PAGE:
I'm one of those rare Red Dwarf fans who likes almost all of it. Not just the classic seasons one through six, but seven and eight as well. I thought Chloë Annett's Kochanski was a nice addition to the cast, bringing some fresh dynamics to the group in Rimmer's temporary absence. The last two seasons might not have been as effortlessly silly as the six preceding ones, occasionally veering too far into soap opera territory - a possible consequence of Doug Naylor, often considered 'the plot guy', taking full control of the show following the departure of Rob Grant, aka 'the joke guy' - but had their fair share of classic Dwarf moments nevertheless.
'Back To Earth', the 2009 revival, was the first time the show really fell flat in my eyes. The gags were leaden, the comedic energy drained by the absence of an audience (live or recorded) and the meandering, reference-heavy plot given too much precedence over the humour. It received record ratings for its new channel Dave though, leading to the commissioning of a full series. With 'Back To Earth' still an open wound, I can't say my anticipation levels were high. (I'd have gone to red alert, but for being too lazy to change the bulb). To my considerable relief, while 'Trojan' is far from a classic and still shows signs of the stiffness which plagued the 2009 mini-series, it was competent enough to avoid further smegging up the legacy of this once great show.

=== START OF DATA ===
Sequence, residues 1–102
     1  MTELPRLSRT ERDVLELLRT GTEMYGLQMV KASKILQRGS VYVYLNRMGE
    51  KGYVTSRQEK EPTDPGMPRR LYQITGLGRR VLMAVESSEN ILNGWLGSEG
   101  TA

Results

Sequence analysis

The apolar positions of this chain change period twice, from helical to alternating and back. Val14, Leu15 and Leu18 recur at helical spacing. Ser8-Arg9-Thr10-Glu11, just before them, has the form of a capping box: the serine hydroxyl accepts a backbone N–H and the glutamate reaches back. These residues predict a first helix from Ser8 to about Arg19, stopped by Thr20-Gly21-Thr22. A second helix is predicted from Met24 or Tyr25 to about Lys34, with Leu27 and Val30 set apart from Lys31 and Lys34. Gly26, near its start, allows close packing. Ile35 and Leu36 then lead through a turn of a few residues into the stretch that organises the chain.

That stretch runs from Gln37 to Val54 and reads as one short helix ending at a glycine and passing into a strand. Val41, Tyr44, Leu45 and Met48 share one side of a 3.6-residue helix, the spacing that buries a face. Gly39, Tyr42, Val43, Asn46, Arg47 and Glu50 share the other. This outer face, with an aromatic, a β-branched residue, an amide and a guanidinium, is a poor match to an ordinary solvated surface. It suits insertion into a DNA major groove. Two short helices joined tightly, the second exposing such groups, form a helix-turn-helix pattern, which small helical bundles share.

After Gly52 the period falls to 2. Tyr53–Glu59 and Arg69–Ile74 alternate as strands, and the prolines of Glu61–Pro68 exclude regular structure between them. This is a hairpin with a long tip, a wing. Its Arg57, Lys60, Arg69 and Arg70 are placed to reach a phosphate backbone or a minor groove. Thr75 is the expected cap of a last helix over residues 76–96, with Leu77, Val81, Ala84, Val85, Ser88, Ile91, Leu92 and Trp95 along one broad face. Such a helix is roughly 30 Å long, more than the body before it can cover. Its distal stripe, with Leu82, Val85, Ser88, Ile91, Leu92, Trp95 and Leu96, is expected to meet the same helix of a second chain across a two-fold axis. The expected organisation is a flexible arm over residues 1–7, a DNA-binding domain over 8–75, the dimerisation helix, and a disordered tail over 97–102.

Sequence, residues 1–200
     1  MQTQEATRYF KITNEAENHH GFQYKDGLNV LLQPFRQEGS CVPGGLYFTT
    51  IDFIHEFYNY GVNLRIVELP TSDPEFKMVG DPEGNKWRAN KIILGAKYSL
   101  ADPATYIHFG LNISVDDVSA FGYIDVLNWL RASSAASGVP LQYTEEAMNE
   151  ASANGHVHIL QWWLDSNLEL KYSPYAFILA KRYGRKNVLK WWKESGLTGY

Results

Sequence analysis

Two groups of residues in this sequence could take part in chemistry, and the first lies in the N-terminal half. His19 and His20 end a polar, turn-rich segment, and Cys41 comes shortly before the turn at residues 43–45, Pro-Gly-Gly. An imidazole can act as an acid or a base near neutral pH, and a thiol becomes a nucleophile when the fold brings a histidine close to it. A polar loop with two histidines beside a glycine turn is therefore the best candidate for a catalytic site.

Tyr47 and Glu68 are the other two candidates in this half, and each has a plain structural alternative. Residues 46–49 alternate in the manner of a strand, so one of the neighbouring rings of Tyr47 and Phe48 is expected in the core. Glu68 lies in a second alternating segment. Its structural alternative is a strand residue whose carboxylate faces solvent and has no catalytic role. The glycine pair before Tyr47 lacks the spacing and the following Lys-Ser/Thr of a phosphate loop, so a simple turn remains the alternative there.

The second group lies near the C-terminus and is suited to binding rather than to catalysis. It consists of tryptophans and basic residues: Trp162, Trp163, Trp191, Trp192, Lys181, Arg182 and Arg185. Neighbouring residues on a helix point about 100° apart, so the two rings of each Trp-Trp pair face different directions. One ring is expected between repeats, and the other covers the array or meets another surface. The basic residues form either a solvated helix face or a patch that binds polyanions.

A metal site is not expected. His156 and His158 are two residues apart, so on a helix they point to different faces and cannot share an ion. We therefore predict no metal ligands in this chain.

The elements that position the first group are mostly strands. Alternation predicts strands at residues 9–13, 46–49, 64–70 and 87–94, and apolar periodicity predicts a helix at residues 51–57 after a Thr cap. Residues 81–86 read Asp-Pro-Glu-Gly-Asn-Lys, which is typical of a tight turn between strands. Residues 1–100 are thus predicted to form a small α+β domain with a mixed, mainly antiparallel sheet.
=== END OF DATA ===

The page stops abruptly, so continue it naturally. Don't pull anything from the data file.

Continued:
It started badly, with an inexplicable joke about pig racing falling flat and a conversation about Swedish moose feeling deeply contrived, as though the writers didn't want to lose the idea but couldn't find a way of sliding it naturally into the episode so just stuck it in haphazardly. Things improved once Kryten and Rimmer made their first appearance, with Rimmer again trying and failing to pass his astronavigation exam. The gag wasn't the strongest, and 'hey ho, pip and dandy' doesn't quite have the same dorky ridiculousness as 'toodle pipski' or any of Rimmer's other hopeless catchphrases, but Chris Barrie's wonderfully expressive face made the most of the character's inability to disguise his fury upon reading yet another rejection letter.
On balance, the episode's Rimmer-related material was pretty strong, while anything involving Lister struggled to get going. The subplot about the Dwarf entering the catchment area for a droid shopping channel relied on some pretty hoary jokes - Lister and the Cat initially remarking on how stupid anyone paying for the advertised junk must be, before calling up to buy one for themselves and getting caught in an automated calling system loop - and wouldn't have felt out of place on a series as insipid as My Family. Dwarf is a great sitcom in its own right, but its sci-fi trappings give it identity. Consequently, plots which feel like they've been ripped out of the genre handbook feel even less inspiring when coming from a show which has previously offered up 'Future Echoes', 'Better Than Life', 'Polymorph', 'Marooned', or any of the other stories which could not have been told on any other series.